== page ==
Information On Demand Day 2 Wrap: Notes from the keynote
Delaney Turner 270002T14M email@example.com | | Tags:  ibmsoftware cognos10 baforum iodgc
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Attendees to today's opening session of Information On Demand and Business Analytics Forum saw a through line drawn by a succession of presenters, from battlefield surgeons back to the increasing – and increasingly unavoidable - issue of big data.
In an eloquent opening address that from the first unvarnished image held the audience in rapt attention, guest speaker Dr. Atul Gawande explored how data-driven insights have rewritten the rules of the battlefield surgeon and dramatically reduced casualties in the continuing military actions in Iraq and Afghanistan.
But first, the data.
Big data is a big story
Turning big data into business outcomes
Improving business outcomes demands new skills
In the customer panel discussion that followed, representatives from Best Buy, Countrywide Insurance, Nestle and Gwinnett County Public Schools discussed the softer side of the equation by focusing on the new skills that successful organizations rely on, particularly the ability to connect and collaborate across organizational boundaries, and individual empowerment driven by pervasive insights. In addition, each stressed the importance of curiosity and patience in what is often a long journey
Putting it all together on the battlefield
His question was simple: How do you save people in war? Since the 1950s, Dr. Gawande explained, advances in military technology and battlefield surgery had reached a sort of stalemate – with casualty mortality rates staying stable at about 24 percent up until the Persian Gulf War. In the current conflict in Iraq and Afghanistan, however, casualty rates have dropped to 10 percent, despite no substantial advances in surgical techniques.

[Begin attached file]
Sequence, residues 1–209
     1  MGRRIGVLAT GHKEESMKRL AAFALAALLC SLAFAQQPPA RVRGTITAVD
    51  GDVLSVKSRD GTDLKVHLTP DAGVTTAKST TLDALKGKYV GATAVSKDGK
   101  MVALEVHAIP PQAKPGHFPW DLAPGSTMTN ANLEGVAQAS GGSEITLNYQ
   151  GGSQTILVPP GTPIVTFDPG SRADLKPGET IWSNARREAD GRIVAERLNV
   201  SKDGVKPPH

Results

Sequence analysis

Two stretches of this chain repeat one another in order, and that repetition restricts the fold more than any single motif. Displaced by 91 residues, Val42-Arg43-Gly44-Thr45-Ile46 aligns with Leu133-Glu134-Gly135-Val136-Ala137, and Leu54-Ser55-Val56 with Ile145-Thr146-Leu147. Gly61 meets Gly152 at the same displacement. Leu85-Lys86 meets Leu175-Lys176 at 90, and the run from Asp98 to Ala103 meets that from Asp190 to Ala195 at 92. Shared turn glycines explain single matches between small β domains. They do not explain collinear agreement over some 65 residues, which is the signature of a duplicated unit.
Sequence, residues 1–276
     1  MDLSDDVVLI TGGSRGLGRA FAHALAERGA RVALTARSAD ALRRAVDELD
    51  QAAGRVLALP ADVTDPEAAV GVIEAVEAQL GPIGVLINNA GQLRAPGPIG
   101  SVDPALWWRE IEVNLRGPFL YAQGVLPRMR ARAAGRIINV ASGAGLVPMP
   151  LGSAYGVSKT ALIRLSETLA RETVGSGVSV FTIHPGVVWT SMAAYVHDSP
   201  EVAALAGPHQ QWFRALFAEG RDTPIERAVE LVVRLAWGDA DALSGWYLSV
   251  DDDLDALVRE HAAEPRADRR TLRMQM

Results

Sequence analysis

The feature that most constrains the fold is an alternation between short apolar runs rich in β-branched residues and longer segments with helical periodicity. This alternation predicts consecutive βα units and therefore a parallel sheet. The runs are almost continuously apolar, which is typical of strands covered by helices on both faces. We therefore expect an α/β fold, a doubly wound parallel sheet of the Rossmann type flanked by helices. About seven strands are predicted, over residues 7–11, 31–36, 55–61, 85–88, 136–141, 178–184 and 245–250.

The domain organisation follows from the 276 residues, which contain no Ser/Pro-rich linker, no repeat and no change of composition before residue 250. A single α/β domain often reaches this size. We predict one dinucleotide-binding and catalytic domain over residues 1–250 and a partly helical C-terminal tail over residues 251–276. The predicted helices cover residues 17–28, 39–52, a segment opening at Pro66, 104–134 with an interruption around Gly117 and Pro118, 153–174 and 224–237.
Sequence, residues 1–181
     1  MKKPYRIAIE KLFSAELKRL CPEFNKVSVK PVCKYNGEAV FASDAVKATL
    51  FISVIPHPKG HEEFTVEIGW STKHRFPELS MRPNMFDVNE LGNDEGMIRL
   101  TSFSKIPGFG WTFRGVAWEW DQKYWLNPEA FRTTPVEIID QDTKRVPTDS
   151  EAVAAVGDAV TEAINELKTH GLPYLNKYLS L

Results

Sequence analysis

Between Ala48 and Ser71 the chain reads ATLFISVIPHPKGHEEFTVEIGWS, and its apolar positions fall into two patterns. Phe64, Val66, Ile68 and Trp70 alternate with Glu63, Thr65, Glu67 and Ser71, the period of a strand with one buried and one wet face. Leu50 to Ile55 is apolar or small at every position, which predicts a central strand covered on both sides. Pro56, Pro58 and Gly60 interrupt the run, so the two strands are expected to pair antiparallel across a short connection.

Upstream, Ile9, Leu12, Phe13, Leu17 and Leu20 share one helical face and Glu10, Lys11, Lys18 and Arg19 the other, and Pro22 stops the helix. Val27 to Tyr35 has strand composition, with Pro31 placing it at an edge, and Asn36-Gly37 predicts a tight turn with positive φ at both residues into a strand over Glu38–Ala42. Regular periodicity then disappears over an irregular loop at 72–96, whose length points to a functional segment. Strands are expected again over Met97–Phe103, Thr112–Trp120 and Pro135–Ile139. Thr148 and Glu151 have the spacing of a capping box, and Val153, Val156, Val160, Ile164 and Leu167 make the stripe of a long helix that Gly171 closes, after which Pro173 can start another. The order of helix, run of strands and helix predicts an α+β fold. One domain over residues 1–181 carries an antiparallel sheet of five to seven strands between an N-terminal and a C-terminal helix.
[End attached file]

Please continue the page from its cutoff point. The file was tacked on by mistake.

Why the drop?
Surgeons, said Dr. Gawande, began paying attention to the data. They had discovered that mortality rates improved dramatically the closer they were to the hospital. But with modern soliders moving further into the field, the solution wasn't to transport them back to the hospital more quickly, but to transport the hospital with the soldiers. Now, rolling hospitals travel with battlefield units. Within three hours surgeons can create a fully functional hospital. Further, surgeons turned to performing only the most necessary parts of a procedure to enable the wounded solider to be transported to one of several hospitals farther away. This, said Dr. Gawande, ran counter to a surgeon's training. Yet in a hostile environment lacking xrays and other amenities it resulted in a dramatic reduction in fatalities.
People make only two kinds of mistakes, Dr. Gawande said. Mistakes of ignorance happen when people lack the information they need to make good decisions. Mistakes of ineptitude happen when people don't know how to use the information in the right way.
If data driven insights can result in such dramatic transformations as to save actual lives, imagine what they can do for your business. Our challenge, said Dr. Gawande, is to cope with complexity and execute properly on the knowledge that does exist. It's going to require new teams, new kinds of people and, in his words, “could not be more fascinating.”